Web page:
Subject: bin/13974: usermod/add etc. group handling problems
To: None <>
From: Hubert Feyrer <>
List: netbsd-bugs
Date: 09/16/2001 19:56:12
>Number:         13974
>Category:       bin
>Synopsis:       usermod/add etc. group handling problems
>Confidential:   no
>Severity:       critical
>Priority:       high
>Responsible:    bin-bug-people
>State:          open
>Class:          sw-bug
>Submitter-Id:   net
>Arrival-Date:   Sun Sep 16 10:57:01 PDT 2001
>Originator:     Hubert Feyrer
>Release:        NetBSD 1.5.1
System: NetBSD miyu 1.5.2 NetBSD 1.5.2 (MIYU) #13: Tue Sep 11 22:00:05 MEST 2001 feyrer@miyu:/usr/cvs/src-1.5/sys/arch/i386/compile/MIYU i386

	Looking at handling setups with many users as e.g. found on, I found several problems with useradd/usermod
	WRT group handling. 

	1. When adding users, the max. 1000 line limit in our
	   routines is not taken care of. Bad thing is if a line in
	   /etc/group grows beyond 1000 bytes, NONE of the users 
	   will belong to that group any more.
	2. When adding a user to a group manually (usermod -G), and
	   /etc/group has the same group more than once (to work around
	   the afore-mentioned 1000 bytes limit), the user is added
	   to to each line
	3. When removing a user (userdel), he is left in /etc/group.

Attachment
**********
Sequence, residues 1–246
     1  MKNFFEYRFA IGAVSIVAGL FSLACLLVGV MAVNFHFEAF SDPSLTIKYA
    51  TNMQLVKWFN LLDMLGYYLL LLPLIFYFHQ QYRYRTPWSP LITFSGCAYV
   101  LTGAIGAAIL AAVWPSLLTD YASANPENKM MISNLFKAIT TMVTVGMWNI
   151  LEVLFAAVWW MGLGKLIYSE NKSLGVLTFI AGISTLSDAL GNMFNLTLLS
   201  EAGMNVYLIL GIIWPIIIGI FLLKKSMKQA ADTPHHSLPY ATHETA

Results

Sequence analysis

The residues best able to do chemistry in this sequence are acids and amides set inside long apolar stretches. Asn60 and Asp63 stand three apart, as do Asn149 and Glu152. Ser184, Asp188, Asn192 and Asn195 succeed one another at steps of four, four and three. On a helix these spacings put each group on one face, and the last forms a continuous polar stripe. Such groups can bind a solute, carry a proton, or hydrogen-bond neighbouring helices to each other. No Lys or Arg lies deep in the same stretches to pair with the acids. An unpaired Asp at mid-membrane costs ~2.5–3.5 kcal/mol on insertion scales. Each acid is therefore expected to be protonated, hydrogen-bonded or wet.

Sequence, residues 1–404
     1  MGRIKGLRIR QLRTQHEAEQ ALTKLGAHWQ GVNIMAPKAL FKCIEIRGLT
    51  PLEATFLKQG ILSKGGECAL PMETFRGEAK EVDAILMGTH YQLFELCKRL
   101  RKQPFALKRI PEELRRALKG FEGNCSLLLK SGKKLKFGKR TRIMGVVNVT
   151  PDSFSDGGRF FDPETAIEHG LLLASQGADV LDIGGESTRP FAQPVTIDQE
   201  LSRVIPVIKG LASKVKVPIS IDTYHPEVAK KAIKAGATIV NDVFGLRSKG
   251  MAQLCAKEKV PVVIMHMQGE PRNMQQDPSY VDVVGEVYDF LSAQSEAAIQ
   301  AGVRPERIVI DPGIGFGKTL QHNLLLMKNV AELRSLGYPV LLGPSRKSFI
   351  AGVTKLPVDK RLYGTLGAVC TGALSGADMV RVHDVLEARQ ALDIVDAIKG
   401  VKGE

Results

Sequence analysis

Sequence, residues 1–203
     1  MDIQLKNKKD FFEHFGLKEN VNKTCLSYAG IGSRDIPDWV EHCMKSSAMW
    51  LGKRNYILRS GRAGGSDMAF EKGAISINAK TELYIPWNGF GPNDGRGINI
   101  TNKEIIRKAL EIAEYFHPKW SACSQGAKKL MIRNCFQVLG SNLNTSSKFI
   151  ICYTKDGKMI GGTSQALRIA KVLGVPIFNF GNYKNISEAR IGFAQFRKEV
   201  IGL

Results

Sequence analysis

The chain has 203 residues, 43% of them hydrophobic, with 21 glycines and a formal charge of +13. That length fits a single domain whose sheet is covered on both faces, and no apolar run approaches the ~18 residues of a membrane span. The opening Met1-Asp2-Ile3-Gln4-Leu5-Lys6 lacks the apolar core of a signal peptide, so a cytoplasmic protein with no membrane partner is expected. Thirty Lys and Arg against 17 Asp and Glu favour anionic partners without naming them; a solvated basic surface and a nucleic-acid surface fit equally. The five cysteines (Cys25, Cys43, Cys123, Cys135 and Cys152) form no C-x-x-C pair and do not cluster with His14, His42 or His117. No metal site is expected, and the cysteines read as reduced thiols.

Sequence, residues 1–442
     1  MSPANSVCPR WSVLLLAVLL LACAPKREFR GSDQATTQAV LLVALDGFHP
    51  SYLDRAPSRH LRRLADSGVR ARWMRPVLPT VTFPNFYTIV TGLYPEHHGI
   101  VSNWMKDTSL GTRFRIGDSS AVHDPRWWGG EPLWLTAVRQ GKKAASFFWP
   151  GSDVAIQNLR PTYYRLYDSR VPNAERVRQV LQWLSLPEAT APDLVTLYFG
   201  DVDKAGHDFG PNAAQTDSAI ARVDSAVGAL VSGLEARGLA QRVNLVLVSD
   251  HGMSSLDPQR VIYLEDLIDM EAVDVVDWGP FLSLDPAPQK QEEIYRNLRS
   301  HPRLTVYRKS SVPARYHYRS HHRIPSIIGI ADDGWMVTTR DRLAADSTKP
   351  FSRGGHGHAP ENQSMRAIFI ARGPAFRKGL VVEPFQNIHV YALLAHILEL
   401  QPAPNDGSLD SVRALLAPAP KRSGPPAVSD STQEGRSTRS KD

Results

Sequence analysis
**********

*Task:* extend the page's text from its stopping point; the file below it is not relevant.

0. Add "test2" group: groupadd test2

	1. * Create a bunch of accounts:
	     perl -e 'for($i=0;$i<200;$i++){printf "useradd test%03d; \
		usermod -d /tmp -G test2 test%03d\n", $i, $i;}' | sh -v
	   * Change to last user: su - test200
	   * Run "id" to see the user is not in the "test2" group
	   * exit back to r00t
	   * Change to first user: su - test000
	   * Run "id" to see the user is not in the "test2" group either
	   * grep ^test2:  /etc/group | wc -c, and see the line is longer
	     than 1000 bytes
	   * Split it into two lines ("test2:*:111:test000,...,test100",
	     "test2:*:111:test101,...,test200") and see the above "su"
	     commands show the user being member of "test2"

	2. * Add a new user: useradd -d /tmp test201
	   * Add the user to our (now-split) test2-group: usermod -G test2 test201
	   * grep ^test2: /etc/group and note that test201 is now on ALL
	     lines of test2 groups!
	   * Play with "useradd -G", and notice the same problem

	3. * Remove all users:
	     perl -e 'for($i=0;$i<200;$i++){printf "userdel test%03d\n", \
		      $i;}' | sh -v
           * Notice /etc/group still lists all users as part of the
	     test2 group


	Need to read all users of each group into some list, and when
	writing that out pay attention to the line limit.

	As an alternative, fix our group handling (but that's probably
	not gonna happen), so fixing user* is the easier thing here.